The Problem with Palm Oil

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I have been working on a post about palm oil for the past two days.  It was meant to be a lengthy, well researched post with plenty of citations.  But I got too depressed in an existential, who-wants-to-live-on-this-planet-if-people-are-so-horrible kind of way.  So, I’m just going to summarize and leave you some links.

Indonesia, Malaysia and Columbia are destroying their rain forests to convert them into oil palm tree monocultures.  The rate of deforestation is so rapid that many unique species are under very imminent threat of extinction.  Critically threatened species include Sumatran and Bornean orangutans, Sumatran tigers, Sumatran rhinocerus and Asian elephants.  The International Union for Conservation of Nature estimates that the Sumatran elephant has lost 69% of its habitat in the past 25 years.  Some sources estimate that the orangutan may be extinct in the wild in 10-20 years, at which point I will have to be put on a suicide watch on account of that existential depression I mentioned earlier.

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I could go on and on about the horrors of the palm oil industry, but I’ll just give you the biggies.  Palm oil is replacing trans fat in many packaged foods (cookies, frozen foods, some peanut butter), because it is relatively solid at room temperature and very cheap.  It is not actually something you want to put in your body, as it is one of only two plant based oils that are high in saturated fat.  That’s the fat that raises your cholesterol and can lead to heart disease.  The other is coconut oil.  So stop cooking with coconut oil, dear friend of mine.  You know who you are.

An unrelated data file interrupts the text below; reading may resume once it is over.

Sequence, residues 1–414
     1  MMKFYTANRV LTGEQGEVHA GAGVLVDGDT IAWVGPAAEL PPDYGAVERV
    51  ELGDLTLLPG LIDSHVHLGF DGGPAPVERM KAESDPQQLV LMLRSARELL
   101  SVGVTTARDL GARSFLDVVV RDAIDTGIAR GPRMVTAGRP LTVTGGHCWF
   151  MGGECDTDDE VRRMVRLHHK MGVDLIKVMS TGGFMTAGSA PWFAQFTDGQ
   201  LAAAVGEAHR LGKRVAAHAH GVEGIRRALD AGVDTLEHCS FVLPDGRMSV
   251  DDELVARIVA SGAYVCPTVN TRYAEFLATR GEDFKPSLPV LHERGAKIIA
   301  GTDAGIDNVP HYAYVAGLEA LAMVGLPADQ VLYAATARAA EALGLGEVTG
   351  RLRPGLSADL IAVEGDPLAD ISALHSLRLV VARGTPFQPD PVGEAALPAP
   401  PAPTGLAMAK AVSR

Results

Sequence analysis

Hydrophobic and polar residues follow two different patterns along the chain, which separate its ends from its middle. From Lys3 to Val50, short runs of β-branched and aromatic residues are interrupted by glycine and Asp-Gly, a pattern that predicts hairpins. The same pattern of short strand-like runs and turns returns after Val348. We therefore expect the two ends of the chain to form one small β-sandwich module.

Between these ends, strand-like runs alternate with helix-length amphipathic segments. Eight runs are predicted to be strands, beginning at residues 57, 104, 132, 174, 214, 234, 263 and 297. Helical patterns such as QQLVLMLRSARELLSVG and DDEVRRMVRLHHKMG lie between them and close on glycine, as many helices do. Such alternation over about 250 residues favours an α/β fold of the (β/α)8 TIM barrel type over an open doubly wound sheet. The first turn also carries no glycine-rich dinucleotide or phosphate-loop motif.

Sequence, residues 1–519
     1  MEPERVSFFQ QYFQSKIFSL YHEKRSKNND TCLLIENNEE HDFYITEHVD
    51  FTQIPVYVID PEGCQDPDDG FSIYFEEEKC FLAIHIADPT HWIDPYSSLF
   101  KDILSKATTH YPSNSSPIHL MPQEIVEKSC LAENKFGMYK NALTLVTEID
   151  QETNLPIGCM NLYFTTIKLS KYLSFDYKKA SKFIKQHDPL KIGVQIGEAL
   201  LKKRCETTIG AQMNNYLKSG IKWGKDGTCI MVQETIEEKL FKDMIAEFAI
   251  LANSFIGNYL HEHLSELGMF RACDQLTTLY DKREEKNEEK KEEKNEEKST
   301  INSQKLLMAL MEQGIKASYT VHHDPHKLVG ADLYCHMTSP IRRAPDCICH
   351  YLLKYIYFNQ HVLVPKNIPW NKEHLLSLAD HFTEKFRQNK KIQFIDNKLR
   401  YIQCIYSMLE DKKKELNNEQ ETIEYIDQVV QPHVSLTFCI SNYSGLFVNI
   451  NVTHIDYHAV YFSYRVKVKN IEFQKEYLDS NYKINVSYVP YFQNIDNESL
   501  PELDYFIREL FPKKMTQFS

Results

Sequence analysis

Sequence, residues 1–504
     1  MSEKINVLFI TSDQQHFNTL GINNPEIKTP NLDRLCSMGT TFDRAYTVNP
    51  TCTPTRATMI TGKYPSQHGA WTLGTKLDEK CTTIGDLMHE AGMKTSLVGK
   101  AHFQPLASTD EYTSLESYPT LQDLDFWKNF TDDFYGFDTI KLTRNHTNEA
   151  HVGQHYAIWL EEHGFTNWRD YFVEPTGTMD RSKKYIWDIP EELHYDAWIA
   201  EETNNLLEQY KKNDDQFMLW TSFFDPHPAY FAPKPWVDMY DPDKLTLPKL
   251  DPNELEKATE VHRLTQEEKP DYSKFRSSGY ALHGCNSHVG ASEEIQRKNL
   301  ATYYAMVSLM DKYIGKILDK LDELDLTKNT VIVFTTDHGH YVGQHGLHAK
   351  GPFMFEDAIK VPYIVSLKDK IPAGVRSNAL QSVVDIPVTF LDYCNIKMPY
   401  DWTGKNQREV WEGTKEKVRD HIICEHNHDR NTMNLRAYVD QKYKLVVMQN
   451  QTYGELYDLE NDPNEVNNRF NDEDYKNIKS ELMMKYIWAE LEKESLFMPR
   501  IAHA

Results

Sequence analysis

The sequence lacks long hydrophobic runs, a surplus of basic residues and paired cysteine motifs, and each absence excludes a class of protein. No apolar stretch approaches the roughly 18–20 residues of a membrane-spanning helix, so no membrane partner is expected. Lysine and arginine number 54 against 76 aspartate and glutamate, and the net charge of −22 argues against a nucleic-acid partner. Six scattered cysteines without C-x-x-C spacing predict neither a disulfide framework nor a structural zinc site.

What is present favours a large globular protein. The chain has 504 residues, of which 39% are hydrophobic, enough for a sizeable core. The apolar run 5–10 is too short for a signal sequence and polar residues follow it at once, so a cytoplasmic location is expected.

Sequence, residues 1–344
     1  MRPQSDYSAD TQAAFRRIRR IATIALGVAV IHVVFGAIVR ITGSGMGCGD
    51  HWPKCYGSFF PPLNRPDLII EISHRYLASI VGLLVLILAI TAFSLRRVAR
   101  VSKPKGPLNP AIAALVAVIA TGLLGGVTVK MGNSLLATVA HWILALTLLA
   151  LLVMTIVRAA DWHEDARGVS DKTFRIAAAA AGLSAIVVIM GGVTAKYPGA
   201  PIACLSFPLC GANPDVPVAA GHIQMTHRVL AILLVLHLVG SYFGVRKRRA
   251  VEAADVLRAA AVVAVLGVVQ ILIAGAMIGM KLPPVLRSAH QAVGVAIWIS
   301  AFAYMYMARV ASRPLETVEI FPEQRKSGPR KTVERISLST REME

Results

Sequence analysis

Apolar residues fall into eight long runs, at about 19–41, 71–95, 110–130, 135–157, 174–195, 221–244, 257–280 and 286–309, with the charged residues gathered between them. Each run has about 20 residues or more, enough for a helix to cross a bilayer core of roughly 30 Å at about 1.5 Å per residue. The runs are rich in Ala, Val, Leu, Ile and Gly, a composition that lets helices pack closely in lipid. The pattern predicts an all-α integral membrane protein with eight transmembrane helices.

Heat wave and crazy storms got you worried about global warming?  Deforestation means fewer trees to absorb carbon.  Indonesia is not only clear cutting, but also burning their peat forests to make way for palm plantations.  Burning peat = lots of carbon.

One of the most alarming trends in Indonesian habitat destruction is that deforestation is happening even on protected wildlife areas.

If you’re more moved by human rights than animal/ecosystem rights, there’s plenty to worry about there as millions of indigenous people are displaced.

Most of the information about palm oil talks about the prevalence of palm products in food and soap.  Until recently I never thought to check my makeup for palm oil.  Sadly, it is in a lot of makeup, usually under the name ethylhexyl palmitate.  The bad news is that ethylhexyl palmitate is used in Mac lipstick and some Mac eyeshadows.  Urban Decay eye shadows do not contain palm products as far as I can tell.  Oh, by the way, sodium lauryl sulfate and sodium laureth sulfate are derived either from coconut or palm.  They are gross detergent chemicals that you should not put on your body anyway.

Read your labels.  A very small amount of the palm oil on the market is certified organic and sustainable.  If you don’t want to let go of your favorite product and you think there’s a chance they are using sustainable palm, write to them.  A friend of mine did this and was able to keep her favorite peanut butter and my friendship.  She may still want to consider switching to a different brand, because she may as well eat peanut butter with lard in it.  Palm oil and lard have about the same percentage of saturated fat.  Gross, huh?  I just found that out.

Don’t take my word for it.  Click the links to find out more about palm oil.

Center for Science in the Public Interest

CNN

Rainforest Action Network

The Independent

Princeton University

I’ll stop there.

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One thought on “The Problem with Palm Oil

  1. It’s tough, because the palm oil industry employs so many people. The average worker earns $30/day, in countries where $4 feeds a family for a day. Where do those people’s jobs go? There has to be a way to make it a green industry.

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